Posting, Interrupted

Hi All,

Thanks for reading this far – it means a lot to me that this site exists and that people bother to visit.  In any case, just wanted you to know that posting will be light for the next 10 days (read: largely nonexistant) as I’ll be in Thailand.  If nothing else, I hope to bring back some good shots, so assuming my camera isn’t stolen, you can see those in a couple weeks.  Scroll down.  Visit Panorama-orama.  Read about some technique.  I’ll be right back.

Panoramania draws to a close

Panoramania draws to a close

Here is the last panorama for a while. I went out to take these for fun but next time I do it, I might actually attempt something of more artistic merit rather than a technical demonstration. This is the Seattle Asian Art Museum in Volunteer Park. I’ve always loved the crazy Art Deco flourishes which seem fairly out of place for an Asian Art Museum. If the city is listening, it would be very much in character to repurpose it as some sort of Batman/Gotham City Museum. Paul Allen maybe? Anyway, great building. This shot is composed of only 3 or 4 source images, so the distortion is a lot lower. I’ve been experimenting with removing the distortion from the edges (stretchy Subaru, anyone?) but the tradeoff is distortion in the middle. It’s just like the projection on a map – if you want everything to be the right size, you get a globe (or in this case, some really rounded lines in the middle). If you want the lines straight in the middle, you get some stretching at the edges. Since the focal point here is in the middle, I kept the lines straight. What do you think?

Panarama-orama

Panarama-orama

With the best intentions, sometimes things can go wrong. You wanna hear about them? You know how to leave if you don’t.  In any case, this is a larger panorama strung together from about 7 images.  The camera was angled down a little bit which introduced some extra curve, which the stitching program wanted to take out.  See those warpy cars?  That kind of thing happens.  I had to spend some time punching up the blue in the sky since the sun was almost directly opposite the camera – never a great time to shoot, but hey – life gets in the way.  At the end of the day I still like this shot.  Being able to see so much detail is what this is all about.  With an original over 17,000 pixels wide, there is a lot to see.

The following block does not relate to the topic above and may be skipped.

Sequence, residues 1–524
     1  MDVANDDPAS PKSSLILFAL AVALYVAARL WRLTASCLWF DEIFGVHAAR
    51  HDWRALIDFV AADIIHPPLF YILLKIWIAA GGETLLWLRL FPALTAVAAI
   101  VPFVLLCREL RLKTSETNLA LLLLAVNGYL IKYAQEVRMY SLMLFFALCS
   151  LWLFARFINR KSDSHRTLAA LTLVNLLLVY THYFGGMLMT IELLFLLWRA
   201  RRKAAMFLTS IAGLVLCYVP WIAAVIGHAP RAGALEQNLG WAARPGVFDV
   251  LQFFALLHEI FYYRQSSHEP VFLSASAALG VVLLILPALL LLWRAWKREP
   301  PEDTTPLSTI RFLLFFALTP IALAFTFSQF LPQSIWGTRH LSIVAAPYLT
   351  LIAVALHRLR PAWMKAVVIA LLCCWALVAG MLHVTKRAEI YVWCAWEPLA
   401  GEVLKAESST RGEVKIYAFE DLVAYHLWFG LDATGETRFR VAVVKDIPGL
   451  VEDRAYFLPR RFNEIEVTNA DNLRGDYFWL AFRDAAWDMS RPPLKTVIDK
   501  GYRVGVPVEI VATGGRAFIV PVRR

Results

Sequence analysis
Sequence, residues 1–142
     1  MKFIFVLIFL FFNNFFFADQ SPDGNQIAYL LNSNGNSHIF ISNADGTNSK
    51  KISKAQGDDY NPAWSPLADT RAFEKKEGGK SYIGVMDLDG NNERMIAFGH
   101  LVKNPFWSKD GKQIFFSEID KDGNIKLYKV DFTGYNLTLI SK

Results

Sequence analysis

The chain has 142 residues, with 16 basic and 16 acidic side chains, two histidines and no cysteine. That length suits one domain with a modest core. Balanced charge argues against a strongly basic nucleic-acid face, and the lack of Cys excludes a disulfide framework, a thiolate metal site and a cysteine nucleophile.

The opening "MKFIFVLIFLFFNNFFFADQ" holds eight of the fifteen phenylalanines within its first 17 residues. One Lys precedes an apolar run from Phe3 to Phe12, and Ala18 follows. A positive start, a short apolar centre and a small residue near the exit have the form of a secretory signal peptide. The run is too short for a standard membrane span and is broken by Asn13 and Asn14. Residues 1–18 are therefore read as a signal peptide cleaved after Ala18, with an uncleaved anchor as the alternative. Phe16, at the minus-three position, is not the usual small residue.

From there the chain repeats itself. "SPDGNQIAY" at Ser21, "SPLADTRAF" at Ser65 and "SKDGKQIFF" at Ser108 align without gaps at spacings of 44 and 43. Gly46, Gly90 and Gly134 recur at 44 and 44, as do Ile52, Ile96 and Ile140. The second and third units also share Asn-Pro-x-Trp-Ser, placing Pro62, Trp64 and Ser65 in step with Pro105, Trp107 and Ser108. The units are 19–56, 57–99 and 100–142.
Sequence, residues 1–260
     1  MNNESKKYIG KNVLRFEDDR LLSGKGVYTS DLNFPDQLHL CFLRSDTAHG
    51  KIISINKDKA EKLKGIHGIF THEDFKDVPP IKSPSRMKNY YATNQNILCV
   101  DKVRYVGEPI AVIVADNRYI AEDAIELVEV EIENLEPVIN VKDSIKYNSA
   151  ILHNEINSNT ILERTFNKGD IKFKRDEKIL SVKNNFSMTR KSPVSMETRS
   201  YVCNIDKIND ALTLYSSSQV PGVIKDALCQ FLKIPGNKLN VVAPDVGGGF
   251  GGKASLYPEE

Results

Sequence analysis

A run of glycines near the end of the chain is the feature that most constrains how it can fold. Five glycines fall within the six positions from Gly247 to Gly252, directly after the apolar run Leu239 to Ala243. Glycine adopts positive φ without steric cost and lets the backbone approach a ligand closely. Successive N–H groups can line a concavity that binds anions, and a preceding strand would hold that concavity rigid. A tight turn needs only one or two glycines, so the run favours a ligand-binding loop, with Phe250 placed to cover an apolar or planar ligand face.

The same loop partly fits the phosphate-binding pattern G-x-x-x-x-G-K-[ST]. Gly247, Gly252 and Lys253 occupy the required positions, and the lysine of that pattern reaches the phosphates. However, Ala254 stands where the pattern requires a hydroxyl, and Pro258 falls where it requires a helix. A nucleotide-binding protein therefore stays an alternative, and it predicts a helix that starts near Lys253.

Shooting Panoramic Pictures

Shooting Panoramic Pictures

There is something really cool about panoramic photography. All the extra visual information makes things seem much more immersive and true to life. Taking panoramic shots with your camera is pretty straightforward too, but there are a few tips – read on for more.

You don’t need any special gear to shoot a panorama, but there are a few things that will drastically improve your results and make your life easy.  If you don’t want your life to be easy, you’re all set.  If you do, you need a tripod.  Having a level, like this fun little guy that attaches to the camera hot shoe is really nice too, but optional.  Whatever you do or don’t have, follow these steps:

  1. Set your camera to manual exposure, if you’ve got it.  Look at your meter reading in the lighter and darker areas of a scene and find a setting that will work for both.  If you don’t do this and leave your camera on auto, some of the pictures will most likely be significantly lighter or darker than the rest.  Looks kinda funny.
  2. Attach your camera to the tripod and make sure you have the right knobs cranked so that you can pan smoothly across the scene.  I like using mine in vertical orientation to get a little more height in each frame.  While you’re at it, make sure things are level.  If your horizon isn’t straight, your pictures look funny.  You can fix this later, but you’ll end up cropping a bunch of your shot.